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Risk Index Fell in Q4 2010: GARP

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The Global Association of Risk Professionals (GARP) released Monday its quarterly Risk Index, which found risk managers around the world are "warily optimistic" about the U.S. economy. The Index fell almost 3% to 108 in the fourth quarter of 2010, the lowest reading since it was first published in early 2010.

Chris Donohue, managing director for GARP's research center, noted in a statement that this quarter's Index is the "most positive to date, reflecting a sense of global economic recovery."

The systemic risk composite fell five points to 110. In fact, the only measure that grew was commodity prices; the risk weighted contribution to the Index increased 3.5% in the fourth quarter of 2010.

"Risk managers around the world remain on high alert regarding the commodities market," Donohue added. "Their continued concern in this area, specifically around energy commodity prices, reflects the concern that many Americans are experiencing with the rise of consumer oil prices."

Mike Sell, vice president of GARP's research group, noted in a phone interview with AdvisorOne that it's very hard to predict how the events in the Middle East will affect global perceptions about commodities risk. "It's a day-to-day, very unpredictable and fluid movement."

Sell expressed surprise over the "seeming lack of concern over speculation in commodities." Specifically, he said, the disconnect between relatively low concern over commodity-based investment funds and the very high level of concern about the possibility of a speculative asset bubble was surprising. Two-thirds of risk managers indicated higher commodity prices could lead to a speculative asset bubble, while 58% were concerned that commodity-induced inflation posed a "significant" threat to systemic risk.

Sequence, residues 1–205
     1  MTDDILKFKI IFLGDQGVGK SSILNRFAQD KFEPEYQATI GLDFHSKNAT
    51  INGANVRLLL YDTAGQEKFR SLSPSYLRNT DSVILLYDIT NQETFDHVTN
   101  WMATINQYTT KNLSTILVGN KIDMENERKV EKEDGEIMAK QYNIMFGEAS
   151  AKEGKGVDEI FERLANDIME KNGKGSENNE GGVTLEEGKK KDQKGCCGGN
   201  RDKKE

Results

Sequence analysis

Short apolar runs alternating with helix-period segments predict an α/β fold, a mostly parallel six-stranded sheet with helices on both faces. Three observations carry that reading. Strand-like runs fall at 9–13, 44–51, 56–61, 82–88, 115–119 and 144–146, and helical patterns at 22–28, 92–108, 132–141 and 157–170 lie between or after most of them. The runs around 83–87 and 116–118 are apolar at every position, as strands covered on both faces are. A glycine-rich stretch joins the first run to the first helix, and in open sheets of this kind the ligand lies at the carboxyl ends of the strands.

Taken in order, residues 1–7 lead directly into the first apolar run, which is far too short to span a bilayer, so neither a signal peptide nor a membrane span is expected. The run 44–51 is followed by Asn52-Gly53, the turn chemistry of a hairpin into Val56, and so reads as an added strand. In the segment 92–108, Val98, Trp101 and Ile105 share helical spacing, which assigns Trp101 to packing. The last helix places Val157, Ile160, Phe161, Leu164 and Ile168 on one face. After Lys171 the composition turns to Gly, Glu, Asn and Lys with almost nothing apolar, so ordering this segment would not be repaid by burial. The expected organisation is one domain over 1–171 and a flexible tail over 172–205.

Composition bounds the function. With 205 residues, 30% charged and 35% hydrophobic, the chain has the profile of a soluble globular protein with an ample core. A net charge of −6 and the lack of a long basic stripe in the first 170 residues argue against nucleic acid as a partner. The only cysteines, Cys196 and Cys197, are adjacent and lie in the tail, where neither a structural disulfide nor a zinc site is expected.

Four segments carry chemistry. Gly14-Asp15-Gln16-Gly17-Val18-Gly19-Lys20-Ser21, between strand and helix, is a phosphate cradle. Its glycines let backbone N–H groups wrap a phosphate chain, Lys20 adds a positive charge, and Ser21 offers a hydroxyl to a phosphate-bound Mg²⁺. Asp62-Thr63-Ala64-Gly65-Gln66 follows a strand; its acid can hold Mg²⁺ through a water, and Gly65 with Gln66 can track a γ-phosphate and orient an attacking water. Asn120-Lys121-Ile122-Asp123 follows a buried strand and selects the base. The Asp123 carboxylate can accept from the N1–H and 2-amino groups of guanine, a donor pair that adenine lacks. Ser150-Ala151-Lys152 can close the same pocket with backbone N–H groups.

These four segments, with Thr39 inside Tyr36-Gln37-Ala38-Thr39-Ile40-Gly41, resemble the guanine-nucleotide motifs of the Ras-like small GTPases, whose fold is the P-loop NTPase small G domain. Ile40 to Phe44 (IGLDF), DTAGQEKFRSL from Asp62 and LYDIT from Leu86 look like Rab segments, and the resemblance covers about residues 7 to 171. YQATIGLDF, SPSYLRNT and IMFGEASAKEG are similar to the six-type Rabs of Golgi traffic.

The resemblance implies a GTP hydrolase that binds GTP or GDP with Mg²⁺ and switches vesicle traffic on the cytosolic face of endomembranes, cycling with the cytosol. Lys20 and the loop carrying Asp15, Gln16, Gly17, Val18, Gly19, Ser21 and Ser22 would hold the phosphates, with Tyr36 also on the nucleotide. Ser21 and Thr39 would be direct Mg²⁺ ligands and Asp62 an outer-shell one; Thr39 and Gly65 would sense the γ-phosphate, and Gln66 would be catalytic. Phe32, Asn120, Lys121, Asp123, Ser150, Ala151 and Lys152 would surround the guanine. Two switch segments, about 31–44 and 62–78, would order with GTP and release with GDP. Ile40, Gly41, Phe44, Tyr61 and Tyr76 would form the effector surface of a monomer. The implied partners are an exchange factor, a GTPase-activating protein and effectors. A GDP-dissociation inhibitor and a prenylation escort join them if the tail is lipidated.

"We've been living in a low-inflation environment, but how much longer can that last?" Sell asked. "If the economy is picking up steam, it stands to reason that inflation will pick up."

While worries about leverage fell in the fourth quarter, they are still the biggest concerns among risk managers, followed closely by concerns about commodity prices.

The Index noted that consumer debt concerns are still high, but "may have reached a plateau." Fewer managers said in the fourth quarter that they thought consumer debt would have a "high impact" on systemic risk, and the GARP pointed to a report by the Federal Reserve Bank of New York which found U.S. consumer debt fell 1.3% in the fourth quarter.

Managers agreed that capital in 2011 will be largely allocated to funding risk reporting, data management and regulatory implementation. They predict that the next big global economic crisis could come in the form of a non-U.S. national debt default, a commodities crash, or a non-U.S. banking crisis.

GARP surveyed over 600 global risk managers in December 2010 and January 2011 for the Index, which gauges global perceptions about the state of the U.S. economy.